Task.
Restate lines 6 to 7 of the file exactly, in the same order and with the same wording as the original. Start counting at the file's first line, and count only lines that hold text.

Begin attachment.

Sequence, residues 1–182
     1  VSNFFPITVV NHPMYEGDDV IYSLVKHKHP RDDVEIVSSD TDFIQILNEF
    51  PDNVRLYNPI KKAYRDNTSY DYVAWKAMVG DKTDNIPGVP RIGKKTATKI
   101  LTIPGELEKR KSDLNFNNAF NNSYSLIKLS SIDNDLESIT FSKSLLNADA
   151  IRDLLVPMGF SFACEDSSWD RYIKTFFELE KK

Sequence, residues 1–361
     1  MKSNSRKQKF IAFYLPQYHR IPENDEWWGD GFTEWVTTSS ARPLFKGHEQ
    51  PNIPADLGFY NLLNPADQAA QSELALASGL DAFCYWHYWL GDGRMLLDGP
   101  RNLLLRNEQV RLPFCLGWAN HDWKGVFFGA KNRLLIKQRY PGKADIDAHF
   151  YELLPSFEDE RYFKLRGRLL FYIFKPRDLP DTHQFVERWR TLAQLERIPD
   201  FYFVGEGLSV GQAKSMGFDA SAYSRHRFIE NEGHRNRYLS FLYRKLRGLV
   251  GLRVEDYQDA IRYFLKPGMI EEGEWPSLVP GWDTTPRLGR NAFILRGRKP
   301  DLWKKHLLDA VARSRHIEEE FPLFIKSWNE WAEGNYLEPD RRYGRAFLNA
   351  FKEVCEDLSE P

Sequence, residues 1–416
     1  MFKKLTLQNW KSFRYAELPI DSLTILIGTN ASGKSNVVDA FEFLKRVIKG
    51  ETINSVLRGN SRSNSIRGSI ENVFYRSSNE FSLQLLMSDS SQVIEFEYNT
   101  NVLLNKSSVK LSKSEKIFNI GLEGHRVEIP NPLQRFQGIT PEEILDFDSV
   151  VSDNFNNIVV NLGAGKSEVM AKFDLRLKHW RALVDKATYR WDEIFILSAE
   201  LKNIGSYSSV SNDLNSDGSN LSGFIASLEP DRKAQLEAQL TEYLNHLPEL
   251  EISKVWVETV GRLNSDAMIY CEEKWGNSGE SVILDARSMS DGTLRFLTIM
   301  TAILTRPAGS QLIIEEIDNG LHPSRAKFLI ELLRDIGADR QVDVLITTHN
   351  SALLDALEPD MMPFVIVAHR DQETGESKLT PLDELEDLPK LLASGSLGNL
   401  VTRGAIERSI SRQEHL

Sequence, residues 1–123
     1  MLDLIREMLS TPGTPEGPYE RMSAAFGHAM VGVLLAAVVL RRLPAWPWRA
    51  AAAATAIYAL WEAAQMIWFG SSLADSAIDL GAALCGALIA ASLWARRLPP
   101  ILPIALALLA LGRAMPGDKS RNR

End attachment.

Sequence, residues 1–361
     1  MKSNSRKQKF IAFYLPQYHR IPENDEWWGD GFTEWVTTSS ARPLFKGHEQ